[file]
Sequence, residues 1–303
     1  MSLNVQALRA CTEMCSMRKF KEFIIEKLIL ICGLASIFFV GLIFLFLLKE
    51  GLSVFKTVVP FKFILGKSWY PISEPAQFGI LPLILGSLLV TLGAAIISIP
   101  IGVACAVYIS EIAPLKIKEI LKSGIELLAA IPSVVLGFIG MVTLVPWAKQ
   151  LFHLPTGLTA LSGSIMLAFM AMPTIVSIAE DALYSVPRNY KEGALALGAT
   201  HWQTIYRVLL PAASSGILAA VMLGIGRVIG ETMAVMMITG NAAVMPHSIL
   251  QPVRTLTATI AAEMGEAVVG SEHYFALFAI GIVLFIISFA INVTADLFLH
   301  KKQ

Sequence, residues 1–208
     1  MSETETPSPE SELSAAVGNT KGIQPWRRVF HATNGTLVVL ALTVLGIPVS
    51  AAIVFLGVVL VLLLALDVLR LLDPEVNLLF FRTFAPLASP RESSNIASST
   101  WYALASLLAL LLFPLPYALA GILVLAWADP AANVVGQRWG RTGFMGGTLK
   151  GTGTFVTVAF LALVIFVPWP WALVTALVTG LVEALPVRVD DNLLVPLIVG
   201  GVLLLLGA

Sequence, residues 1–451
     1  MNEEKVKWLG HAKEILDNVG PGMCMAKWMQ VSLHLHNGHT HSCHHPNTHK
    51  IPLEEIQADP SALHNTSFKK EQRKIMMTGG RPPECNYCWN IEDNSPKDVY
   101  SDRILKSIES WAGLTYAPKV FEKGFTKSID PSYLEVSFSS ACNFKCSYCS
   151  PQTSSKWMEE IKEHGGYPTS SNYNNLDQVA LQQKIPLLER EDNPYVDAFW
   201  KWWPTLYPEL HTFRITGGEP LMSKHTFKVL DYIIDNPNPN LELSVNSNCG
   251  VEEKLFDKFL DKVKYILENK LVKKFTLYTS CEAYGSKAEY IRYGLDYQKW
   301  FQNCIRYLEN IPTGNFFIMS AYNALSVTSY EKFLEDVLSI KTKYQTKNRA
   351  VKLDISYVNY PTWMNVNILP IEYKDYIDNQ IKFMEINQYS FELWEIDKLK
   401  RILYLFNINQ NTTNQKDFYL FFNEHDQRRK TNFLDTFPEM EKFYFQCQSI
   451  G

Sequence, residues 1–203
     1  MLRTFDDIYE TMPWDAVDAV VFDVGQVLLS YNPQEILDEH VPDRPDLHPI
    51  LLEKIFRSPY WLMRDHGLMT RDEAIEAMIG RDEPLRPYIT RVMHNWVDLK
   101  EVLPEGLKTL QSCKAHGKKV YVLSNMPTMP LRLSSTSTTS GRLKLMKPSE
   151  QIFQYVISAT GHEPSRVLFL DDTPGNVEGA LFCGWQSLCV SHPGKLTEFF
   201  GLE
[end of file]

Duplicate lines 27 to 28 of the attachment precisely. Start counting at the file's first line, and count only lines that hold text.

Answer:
     1  MLRTFDDIYE TMPWDAVDAV VFDVGQVLLS YNPQEILDEH VPDRPDLHPI
    51  LLEKIFRSPY WLMRDHGLMT RDEAIEAMIG RDEPLRPYIT RVMHNWVDLK